• Study Examines Use of Systolic Blood Pressure at Time of Primary Percutaneous Coronary Intervention to Predict In-Hospital Mortality in Patients with STEMI

    September 11, 2017

    WASHINGTON — Researchers have led a retrospective single-center study examining simple hemodynamic parameters obtained at the time of cardiac catheterization to predict in-hospital mortality following ST-elevation myocardial infarction (STEMI). Current 30-day mortality rates for patients with STEMI range from 2.5% to 10%, and 10.5%–24% of those patients require mechanical hemodynamic support. The project examines the prognostic utility of an index based on systolic blood pressure (SBP) and left-ventricular end-diastolic blood pressure (LVEDP) ratio measured at the time of emergency primary percutaneous coronary intervention (PPCI). The entire study is outlined in the Editor’s Choice article of the September 2017 issue of Catheterization and Cardiovascular Interventions

    The single-center study evaluated adult patients (≥ 18 years) with STEMI undergoing PPCI from April 11, 2007, to December 12, 2011. The final study included 219 patients with a mean age of 60 ±14 years. Patients’ LVEDP, SBP, and aortic diastolic blood pressure were obtained after successful revascularization and compared to major mortality risk scores.

    “Our results are the first to demonstrate that the ratio of SBP/LVEDP when measured at the time of PPCI is a useful predictor of in-hospital mortality and 30-day mortality for patients experiencing STEMI,” said George Stouffer III, MD, FSCAI, division chief of cardiology at the University of North Carolina Chapel Hill Hospitals Heart and Vascular Center at Meadowmont. “Invasive hemodynamic measurements at the time of PPCI have the theoretical advantage of better reflecting both left ventricular loading conditions and afterload than do non-invasive assessments. Our results show that this simple index predicted mortality at a level consistent with more commonly used, and more cumbersome prognostic indices, such as the Thrombolysis in Myocardial Infarction (TIMI) score, the Global Registry of Acute Coronary Events (GRACE) score and Killip Class.”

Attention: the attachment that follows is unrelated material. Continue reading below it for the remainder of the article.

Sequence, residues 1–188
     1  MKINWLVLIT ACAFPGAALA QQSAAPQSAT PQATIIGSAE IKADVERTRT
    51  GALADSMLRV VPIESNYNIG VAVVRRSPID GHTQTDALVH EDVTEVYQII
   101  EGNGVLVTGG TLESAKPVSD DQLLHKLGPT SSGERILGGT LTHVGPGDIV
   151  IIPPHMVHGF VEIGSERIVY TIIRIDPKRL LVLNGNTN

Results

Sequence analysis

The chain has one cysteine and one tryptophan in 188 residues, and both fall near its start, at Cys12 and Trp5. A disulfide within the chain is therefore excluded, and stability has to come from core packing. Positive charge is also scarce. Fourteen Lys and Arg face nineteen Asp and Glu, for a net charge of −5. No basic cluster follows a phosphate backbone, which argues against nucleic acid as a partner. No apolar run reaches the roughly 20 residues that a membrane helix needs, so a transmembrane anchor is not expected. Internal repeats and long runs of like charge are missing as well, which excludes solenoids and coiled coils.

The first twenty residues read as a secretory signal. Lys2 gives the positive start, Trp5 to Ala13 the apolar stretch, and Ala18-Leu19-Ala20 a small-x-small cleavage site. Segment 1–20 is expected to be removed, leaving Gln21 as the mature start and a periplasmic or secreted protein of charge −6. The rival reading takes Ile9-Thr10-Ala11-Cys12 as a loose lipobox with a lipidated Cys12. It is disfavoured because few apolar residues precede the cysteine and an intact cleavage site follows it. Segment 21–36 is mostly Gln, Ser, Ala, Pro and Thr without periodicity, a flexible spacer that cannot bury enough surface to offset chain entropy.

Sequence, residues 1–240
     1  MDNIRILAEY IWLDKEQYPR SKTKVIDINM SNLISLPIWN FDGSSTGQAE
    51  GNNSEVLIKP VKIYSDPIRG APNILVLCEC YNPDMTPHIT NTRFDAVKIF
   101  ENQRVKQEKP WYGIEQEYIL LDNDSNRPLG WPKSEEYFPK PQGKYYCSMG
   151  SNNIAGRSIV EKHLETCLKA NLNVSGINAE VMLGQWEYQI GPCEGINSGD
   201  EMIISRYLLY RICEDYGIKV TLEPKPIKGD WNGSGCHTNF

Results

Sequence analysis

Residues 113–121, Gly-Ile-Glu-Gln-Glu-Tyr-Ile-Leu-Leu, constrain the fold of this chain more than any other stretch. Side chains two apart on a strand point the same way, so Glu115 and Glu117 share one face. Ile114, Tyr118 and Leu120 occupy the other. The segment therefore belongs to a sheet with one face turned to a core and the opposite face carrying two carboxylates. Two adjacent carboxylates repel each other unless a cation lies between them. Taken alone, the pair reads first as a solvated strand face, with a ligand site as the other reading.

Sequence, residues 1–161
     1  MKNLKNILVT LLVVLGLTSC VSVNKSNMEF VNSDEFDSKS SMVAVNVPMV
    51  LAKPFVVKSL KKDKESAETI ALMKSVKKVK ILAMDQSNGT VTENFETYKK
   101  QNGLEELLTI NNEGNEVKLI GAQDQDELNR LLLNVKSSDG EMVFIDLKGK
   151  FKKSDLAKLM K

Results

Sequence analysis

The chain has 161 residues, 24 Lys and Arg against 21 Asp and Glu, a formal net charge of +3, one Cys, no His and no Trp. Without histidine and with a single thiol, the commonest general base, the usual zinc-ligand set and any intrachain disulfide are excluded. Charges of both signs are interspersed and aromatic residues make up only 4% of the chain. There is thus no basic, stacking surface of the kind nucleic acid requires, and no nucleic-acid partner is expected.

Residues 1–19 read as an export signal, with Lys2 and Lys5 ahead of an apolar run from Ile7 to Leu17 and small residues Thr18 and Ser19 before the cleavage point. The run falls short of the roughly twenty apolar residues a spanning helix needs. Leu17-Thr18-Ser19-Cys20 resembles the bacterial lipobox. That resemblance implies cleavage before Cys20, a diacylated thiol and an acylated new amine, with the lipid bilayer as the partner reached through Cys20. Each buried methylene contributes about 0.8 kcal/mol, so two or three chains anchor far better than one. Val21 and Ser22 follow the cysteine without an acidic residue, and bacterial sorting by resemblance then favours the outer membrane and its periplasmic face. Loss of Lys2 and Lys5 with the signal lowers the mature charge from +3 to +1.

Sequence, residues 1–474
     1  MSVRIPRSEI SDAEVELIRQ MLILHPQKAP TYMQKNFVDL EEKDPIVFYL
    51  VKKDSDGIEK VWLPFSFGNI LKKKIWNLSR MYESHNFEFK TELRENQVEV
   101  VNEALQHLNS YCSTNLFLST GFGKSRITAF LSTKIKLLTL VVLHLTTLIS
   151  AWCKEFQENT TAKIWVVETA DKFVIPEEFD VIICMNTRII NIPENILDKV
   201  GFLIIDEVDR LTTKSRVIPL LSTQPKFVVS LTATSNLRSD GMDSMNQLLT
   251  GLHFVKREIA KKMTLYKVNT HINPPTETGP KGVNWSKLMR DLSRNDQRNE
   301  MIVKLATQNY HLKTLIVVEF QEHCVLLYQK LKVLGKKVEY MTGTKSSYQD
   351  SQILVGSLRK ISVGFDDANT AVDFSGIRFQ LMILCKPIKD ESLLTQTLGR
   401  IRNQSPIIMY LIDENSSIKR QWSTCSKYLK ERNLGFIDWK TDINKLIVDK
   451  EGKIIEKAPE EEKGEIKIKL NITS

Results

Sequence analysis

The SBP/LVEDP ratio ≤ 4 was associated with a likelihood ratio of 4.7 for in-hospital death, 5.8 for intra-aortic balloon pump (IABP) usage and 5.9 for the combined IABP usage or in-hospital death. “The performance characteristics of this ratio at high levels provide rapid and accurate identification of patients at the time of PPCI for STEMI who are low risk for death or need for IABP,” Stouffer added. A total of 20 (9.1%) patients died in-hospital and 34 (15.5%) required an IABP. The area under curve (AUC) for SBP/LVEDP ratio for in-hospital mortality (0.69) was more predictive than LVEDP (0.61, P = 0.04) or pulse pressure (0.55, P = 0.02) but similar to Shock Index and Modified Shock Index.

    “SBP/LVEDP is a rapidly determined ratio that can provide important prognostic information at the time of PPCI,” said Michael Yeung, MD, assistant professor of medicine, division of cardiology at the University of North Carolina Chapel Hill Hospitals. “The pressure values are readily obtained during PPCI and identify a population at high risk for mortality. This presents an opportunity to identify patients who might benefit from more aggressive hemodynamic support while in the Cardiac Catheterization Laboratory.” 

    The authors of “Ratio of systolic blood pressure to left ventricular end-diastolic pressure at the time of primary percutaneous coronary intervention predicts in-hospital mortality in patients with ST-elevation myocardial infarction” include Michael Sola, MD; Kiran Venkatesh, MD; Melissa Caughey, PhD; Robert Rayson, MD; Xuming Dai, MD, FSCAI; George Stouffer III, MD, FSCAI; and Michael Yeung, MD.

    Note to editors: To view the PDF of the study or schedule an interview with the researchers, please contact Kimberly Brown at (202) 644-8561 or kbrown@scai.org. Current and past issues of Catheterization and Cardiovascular Interventions can be found online at http://www.scai.org/CCI.